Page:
Security Bytes

Jan 26 2010   1:37PM GMT

Attackers continue barrage of SEO attacks

Robert Westervelt Robert Westervelt Profile: Robert Westervelt


Popular search term exploited to funnel users to a rogue search engine. A variety of tactics continue to prey on search engine users.

Research analysts at Trend Micro have identified another attack attempting to use popular search terms in Google and other search engines. Using the phrase “free printable,” users will get a variety of results including some pages designed with malicious JavaScript redirecting them to a rogue search engine.

According to TrendLabs’ JM Hipolito:

As of now, the cybercriminals’ goal in all this seems to be hijacking search traffic from search engines, and redirect them into their own search engine to earn them money. If it stays as such is not yet known, but users need to be wary, since it would be very easy for cybercriminals to change the final landing site of the redirections to a malware-hosting site.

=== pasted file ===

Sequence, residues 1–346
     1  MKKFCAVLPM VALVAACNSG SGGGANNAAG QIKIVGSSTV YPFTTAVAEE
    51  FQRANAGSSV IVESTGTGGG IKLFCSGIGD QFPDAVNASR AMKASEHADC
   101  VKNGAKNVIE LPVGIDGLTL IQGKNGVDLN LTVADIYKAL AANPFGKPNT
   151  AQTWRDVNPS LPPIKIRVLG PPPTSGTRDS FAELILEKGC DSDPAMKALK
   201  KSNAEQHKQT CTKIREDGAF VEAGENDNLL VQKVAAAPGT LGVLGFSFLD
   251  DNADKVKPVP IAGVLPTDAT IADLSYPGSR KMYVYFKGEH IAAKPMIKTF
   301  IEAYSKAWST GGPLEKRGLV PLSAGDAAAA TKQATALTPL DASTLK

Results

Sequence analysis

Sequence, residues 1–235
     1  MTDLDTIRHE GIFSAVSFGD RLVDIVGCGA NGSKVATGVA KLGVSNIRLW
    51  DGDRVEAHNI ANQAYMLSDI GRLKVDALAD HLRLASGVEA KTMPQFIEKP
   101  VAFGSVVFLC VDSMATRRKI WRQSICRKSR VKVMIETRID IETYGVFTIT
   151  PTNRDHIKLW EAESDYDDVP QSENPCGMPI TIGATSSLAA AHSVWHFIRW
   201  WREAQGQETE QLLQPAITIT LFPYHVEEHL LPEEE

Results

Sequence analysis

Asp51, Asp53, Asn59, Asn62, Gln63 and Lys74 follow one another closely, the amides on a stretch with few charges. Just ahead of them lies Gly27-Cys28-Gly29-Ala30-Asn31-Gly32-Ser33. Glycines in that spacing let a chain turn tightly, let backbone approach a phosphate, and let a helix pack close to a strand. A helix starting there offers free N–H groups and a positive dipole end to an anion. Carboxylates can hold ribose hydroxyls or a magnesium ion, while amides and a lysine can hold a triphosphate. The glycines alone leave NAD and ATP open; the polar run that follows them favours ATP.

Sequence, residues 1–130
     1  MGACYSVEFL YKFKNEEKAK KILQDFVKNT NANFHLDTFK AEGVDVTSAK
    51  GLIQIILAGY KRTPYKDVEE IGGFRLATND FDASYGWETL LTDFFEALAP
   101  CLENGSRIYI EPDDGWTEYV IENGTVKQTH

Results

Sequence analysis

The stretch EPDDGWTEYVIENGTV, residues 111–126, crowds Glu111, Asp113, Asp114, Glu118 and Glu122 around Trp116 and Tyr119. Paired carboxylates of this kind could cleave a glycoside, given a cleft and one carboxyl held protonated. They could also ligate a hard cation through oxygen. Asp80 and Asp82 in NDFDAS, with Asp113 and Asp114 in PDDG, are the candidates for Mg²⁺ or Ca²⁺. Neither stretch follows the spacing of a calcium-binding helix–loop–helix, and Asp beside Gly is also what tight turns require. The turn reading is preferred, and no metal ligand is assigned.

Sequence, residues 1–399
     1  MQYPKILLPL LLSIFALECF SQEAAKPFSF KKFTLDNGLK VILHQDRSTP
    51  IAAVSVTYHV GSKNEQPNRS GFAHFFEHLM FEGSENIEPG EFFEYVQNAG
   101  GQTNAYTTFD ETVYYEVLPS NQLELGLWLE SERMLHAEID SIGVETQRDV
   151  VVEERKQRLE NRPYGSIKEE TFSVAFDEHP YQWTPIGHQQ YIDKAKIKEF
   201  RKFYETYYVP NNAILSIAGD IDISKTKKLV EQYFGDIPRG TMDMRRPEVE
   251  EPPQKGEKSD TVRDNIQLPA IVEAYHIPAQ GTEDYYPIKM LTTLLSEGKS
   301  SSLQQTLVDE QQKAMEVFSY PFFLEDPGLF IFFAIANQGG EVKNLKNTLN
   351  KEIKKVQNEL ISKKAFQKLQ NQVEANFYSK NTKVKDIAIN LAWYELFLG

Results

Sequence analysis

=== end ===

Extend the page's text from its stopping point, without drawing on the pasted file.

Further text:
We recently wrote about popular search terms being optimized by cybercriminals to ensure their attack websites are highly visiible in search results. Some are less nefarious and try to get as many users as they can to view their ad riddled sites. Others host malware and rogue antivirus programs.

A popular search for Tiger Woods in December resulted in a number of malicious sites hosting rogueware. In the case of “free printable,” Trend said the term is a highly popular phrase in South Africa and the United States.

Users of Internet Explorer can be tricked easily since the programs are designed to look like a Windows Security alert followed by a fake scan and instructions to download a program to remove malware. Sometimes victims are asked to pay a fee for the fake antivirus, other times they are duped into downloading the program, riddled with malicious programs.

At the time Sean Sullivan of F-Secure urged people to search for topical items on Google News rather than Google’s main search engine. Many legitimate news sites have Web admin teams protecting them, he said.

Security researchers warned last June that cybercriminals were attempting to exploit the Michael Jackson and Farrah Fawcett deaths. Poisoned search engine results sent users to a variety of malicious sites, many leading to bogus antivirus downloads.

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